K-State graduation year: May 2009
Degree: BS in Psychology/Pre-Optometry
Current Employer: Southern College of Optometry, Memphis, Tennessee
Describe the process of choosing your major.
In high school I thought I wanted to be a psychiatrist. I chose psychology because I thought it would best prepare me for that particular job. After talking to a psychiatrist, though, I felt like it wasn’t what I was looking for. I ended up shadowing an optometrist a couple of weeks later and fell in love with it.
I kept my psychology major but switched from pre-medicine to pre-optometry. This way I could still stay in a major I was interested in and have a balance between my science and psychology classes. It worked out wonderfully for me, and I learned a lot of skills from my psychology classes that have helped me with optometry school.
- Alpha of Clovia Scholarship House
- Habitat for Humanity
- Pre-Optometry Club
- Psi Chi, international honor society in psychology
I worked at an optometry office for three years before being accepted into optometry school. At the office I was trained to adjust and fit glasses, help patients to learn to insert soft and rigid contact lenses, run visual field tests, and much more. I was also able to shadow the doctors periodically which helped me gain knowledge of how an exam is run effectively and I got to see some very interesting diseases. Not only was I able to gain experience by working at an optometry office, I also made some great contacts for the future and was able to get some wonderful reference letters from the doctors I worked for at the office.
Getting into optometry school is a stressful process. I was constantly trying to build my resume by joining clubs, holding officer positions, keeping my grades up, and working in an office to gain experience. I was so happy I did all these things because it really paid off in the end. You just have to keep concentrating on your ultimate goal.
When deciding on a school I mostly looked at the different schools’ websites and contacted the admissions office if I had any questions. I then applied online and happily received interviews at the three schools I applied to. I went to each of the schools and interviewed with staff doctors, admissions representatives, and current students. They did ask questions about optometry, but mostly it felt like they were just trying to get to know me and make sure I would be able to communicate with patients well.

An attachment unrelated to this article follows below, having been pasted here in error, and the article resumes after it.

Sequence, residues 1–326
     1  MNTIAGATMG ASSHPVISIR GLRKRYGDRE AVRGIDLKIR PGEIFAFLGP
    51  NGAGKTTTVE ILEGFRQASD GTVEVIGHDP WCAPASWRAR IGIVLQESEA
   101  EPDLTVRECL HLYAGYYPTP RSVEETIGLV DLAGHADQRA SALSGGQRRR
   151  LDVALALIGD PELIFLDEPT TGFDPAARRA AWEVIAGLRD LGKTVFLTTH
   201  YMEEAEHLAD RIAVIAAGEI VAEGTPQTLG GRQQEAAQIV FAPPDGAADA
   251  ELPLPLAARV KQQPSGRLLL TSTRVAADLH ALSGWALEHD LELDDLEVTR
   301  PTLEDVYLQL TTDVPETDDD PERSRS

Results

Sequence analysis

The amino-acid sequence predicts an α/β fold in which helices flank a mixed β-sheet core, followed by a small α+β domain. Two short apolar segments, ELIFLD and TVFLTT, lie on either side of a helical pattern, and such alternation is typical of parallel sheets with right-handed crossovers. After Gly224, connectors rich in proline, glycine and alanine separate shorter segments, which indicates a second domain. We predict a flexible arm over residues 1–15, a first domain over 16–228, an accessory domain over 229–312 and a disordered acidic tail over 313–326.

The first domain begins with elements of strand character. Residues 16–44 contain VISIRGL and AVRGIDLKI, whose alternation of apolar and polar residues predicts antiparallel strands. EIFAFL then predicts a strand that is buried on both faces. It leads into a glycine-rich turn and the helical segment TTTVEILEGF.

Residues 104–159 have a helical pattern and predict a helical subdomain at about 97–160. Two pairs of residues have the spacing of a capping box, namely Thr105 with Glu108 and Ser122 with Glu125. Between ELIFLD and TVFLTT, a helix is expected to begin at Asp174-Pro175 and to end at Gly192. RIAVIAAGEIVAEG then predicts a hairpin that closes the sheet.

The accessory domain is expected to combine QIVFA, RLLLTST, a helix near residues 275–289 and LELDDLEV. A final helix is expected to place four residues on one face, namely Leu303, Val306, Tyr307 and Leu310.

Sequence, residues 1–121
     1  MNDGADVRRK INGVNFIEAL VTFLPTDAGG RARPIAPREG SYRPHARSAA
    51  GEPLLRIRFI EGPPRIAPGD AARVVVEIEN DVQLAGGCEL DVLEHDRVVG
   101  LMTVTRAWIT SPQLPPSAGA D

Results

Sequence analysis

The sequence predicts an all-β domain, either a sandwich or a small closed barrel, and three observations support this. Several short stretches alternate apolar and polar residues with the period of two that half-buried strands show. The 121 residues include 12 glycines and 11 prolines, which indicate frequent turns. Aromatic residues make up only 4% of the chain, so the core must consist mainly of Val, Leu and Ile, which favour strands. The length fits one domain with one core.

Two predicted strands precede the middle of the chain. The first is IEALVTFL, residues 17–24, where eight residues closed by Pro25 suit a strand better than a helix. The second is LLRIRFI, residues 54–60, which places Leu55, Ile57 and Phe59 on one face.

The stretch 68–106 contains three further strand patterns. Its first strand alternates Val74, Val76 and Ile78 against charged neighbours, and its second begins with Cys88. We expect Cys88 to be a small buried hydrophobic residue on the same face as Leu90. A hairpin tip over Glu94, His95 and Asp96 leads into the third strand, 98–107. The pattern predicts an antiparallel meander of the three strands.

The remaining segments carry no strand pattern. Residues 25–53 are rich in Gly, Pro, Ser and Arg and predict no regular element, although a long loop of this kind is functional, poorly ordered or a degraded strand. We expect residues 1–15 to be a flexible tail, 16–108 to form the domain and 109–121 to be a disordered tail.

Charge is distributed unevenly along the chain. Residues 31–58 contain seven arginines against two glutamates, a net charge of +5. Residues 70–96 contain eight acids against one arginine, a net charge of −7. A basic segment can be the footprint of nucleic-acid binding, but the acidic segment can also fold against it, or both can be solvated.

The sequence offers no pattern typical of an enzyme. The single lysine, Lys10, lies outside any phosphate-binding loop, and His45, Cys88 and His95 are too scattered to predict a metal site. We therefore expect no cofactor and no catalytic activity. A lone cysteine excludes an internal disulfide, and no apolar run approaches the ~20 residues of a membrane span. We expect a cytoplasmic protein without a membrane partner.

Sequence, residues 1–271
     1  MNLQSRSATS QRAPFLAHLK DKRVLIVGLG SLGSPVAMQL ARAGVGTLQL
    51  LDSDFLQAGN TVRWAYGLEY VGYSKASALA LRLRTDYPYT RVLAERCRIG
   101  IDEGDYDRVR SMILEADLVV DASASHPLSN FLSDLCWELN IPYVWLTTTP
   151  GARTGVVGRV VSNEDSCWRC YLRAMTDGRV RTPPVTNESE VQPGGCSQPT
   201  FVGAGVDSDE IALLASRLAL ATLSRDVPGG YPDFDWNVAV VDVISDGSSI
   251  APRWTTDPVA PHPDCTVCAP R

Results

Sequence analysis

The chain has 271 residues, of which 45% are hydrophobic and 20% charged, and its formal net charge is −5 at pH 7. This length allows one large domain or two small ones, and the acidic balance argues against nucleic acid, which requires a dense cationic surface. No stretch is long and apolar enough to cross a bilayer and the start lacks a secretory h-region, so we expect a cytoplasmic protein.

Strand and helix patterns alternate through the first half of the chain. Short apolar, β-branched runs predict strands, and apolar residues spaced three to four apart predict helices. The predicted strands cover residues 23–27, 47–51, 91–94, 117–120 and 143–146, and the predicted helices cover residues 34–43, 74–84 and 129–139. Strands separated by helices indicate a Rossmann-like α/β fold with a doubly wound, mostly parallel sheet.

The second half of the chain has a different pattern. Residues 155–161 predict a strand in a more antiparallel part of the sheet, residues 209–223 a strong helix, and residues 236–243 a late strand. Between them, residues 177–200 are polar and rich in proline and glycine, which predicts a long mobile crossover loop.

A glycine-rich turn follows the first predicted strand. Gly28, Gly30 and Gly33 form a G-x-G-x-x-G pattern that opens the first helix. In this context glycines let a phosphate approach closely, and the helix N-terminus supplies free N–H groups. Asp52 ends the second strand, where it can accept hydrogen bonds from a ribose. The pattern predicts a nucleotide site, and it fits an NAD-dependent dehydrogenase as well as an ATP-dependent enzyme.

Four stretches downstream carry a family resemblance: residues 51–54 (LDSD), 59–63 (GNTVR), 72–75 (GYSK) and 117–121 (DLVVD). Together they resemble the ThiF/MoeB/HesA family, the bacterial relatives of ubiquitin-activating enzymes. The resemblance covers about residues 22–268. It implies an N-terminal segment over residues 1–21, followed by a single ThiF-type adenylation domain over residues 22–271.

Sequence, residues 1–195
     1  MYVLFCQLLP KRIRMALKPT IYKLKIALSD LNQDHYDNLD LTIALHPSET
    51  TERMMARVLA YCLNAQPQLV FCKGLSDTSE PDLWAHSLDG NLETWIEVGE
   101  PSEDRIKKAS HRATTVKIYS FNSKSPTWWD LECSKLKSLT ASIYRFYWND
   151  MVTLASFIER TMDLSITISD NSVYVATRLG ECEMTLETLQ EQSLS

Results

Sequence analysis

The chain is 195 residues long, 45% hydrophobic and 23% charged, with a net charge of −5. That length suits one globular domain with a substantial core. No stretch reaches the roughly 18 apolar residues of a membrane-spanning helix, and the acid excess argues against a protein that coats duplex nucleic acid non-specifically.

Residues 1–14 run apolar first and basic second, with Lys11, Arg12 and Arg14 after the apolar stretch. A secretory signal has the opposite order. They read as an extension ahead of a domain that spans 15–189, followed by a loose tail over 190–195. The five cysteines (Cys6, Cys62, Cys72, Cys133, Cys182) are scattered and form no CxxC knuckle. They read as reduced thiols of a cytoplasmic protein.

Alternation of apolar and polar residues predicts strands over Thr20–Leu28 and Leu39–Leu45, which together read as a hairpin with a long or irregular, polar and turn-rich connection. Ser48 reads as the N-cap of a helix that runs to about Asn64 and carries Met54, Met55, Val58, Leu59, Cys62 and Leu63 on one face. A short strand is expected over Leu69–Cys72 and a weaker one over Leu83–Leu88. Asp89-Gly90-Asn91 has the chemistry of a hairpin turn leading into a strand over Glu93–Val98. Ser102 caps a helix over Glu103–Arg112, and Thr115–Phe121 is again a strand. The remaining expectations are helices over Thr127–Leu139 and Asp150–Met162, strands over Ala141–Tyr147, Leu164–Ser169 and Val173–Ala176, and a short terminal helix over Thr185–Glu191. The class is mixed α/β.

I ended up choosing Southern College of Optometry because I felt the most comfortable there, loved the people, and really enjoyed the atmosphere. I am very happy with my decision.
I wake up at about 6:30 a.m. every day. We start class as early as 7:45 a.m. and on late days we start at 8:30 a.m. I sit through about four hours of lecture, ranging from topics about the anatomy of the human body to binocular vision issues and ophthalmic optics. I then enjoy lunch with friends and then head to lab.
We have lab three of four afternoons a week for two to three hours a day. It is there that we learn how to do the procedures necessary in an eye exam and how the visual system really works.
Then I go to work at the school’s eye clinic for a couple of hours and head home around 5 p.m. I usually hang out at home for a little while, make some dinner and work out, and head back to school around 7 p.m. to get in some study time before bed. I get home around 11:30 p.m., and then it’s time for sleep. Then I wake up and start the whole day over again!
I really enjoy learning about optometry. My favorite thing is when we get to actually do the procedures on each other and put what we’ve learned into action. It’s great to start learning about what you’re really going to do in your profession.
Professional school is not for everyone. You must be able to manage your time wisely because you have so much to learn. We take 23-credit-hour loads each semester, have school almost year round, and have two to three tests every week. It’s hard to stay caught up with everything, but somehow we all do it. It’s very challenging, but also very rewarding in the end.
If you’re interested in optometry I would highly suggest getting a job at an optometry office. You gain so much experience, and you have a chance to make sure it’s a field you want to go into. I love it, but it’s not for everyone. You need to make sure it’s what you want to do before you get to optometry school and suffer through mountains of schoolwork.